Short paragraph on Assamese Literature
Assamese literature forms developed in the Assamese language by the 13th century though the language can be traced back to the seventh century AD. In the early period Rudra Kundali translated the ‘Dronaparva’ of the Mahabharata, and Madhava Kundali rendered dramatic incidents from the Ramayana into Assamese. Hema Saraswati could be called the first poet in Assamese with his Prahladacharita.
The great saint poet Sankaradeva composed lyrics as well as a number of one-act plays leavened Assamese prose interspersed with songs. They flew as Ankiya Nats. Assamese prose was given finite shape by Bhattadeva who translated the Bhagavata and the Gita into Assamese. Modern Assamese prose emerged from Buranjis.
It was in the nineteenth century that new developments, indeed, a renaissance took place in Assamese literature. The pioneers in the movement were Chandra Kumar Agarwalla, Lakshminath Bezbarua and Hemachandra Goswami. They founded the monthly Janaki and used in the romantic period.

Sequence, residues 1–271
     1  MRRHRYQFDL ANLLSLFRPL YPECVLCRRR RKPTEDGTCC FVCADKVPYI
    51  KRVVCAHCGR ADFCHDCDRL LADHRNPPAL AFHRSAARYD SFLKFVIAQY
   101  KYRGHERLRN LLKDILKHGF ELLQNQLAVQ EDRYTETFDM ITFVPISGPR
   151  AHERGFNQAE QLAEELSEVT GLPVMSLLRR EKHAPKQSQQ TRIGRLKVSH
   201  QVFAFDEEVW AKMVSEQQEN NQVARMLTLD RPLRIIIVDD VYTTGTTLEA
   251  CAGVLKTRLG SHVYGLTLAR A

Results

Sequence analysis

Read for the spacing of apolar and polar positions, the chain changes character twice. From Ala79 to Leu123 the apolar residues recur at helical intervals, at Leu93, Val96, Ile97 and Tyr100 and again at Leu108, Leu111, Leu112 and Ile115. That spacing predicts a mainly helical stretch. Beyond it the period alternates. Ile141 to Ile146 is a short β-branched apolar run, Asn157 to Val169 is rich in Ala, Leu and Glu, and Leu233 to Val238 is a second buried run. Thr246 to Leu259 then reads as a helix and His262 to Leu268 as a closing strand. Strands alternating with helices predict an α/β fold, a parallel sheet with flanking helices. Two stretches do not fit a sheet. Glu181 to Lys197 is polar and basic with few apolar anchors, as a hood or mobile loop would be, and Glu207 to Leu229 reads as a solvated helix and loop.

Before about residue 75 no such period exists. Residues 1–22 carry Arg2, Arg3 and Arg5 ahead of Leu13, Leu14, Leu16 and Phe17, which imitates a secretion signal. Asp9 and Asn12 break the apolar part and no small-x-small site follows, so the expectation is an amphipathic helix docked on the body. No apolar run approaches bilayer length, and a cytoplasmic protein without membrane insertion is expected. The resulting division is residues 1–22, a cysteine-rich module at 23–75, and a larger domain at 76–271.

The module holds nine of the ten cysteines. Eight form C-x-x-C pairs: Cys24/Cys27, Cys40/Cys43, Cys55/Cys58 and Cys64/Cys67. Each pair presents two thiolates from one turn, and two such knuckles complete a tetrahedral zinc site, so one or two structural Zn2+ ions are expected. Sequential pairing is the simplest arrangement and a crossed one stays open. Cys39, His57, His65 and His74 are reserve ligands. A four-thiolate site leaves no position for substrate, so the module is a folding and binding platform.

The names of Padmanath Gohain Barua and Rajnikanth Bordoloi are associated with the development of the modern novel in Assamese. Lakshminath Bezbarua made a significant contribution to the development of the short story in Assamese.
Writers of the post-independent period include Syed Abdul Malik, Jogesh Das and Birendra Kumar Bhattacharya (who received the Jnanpith Award of 1979 in his novel Mrutunjaya). Assamese literature shows evidence of Western influence.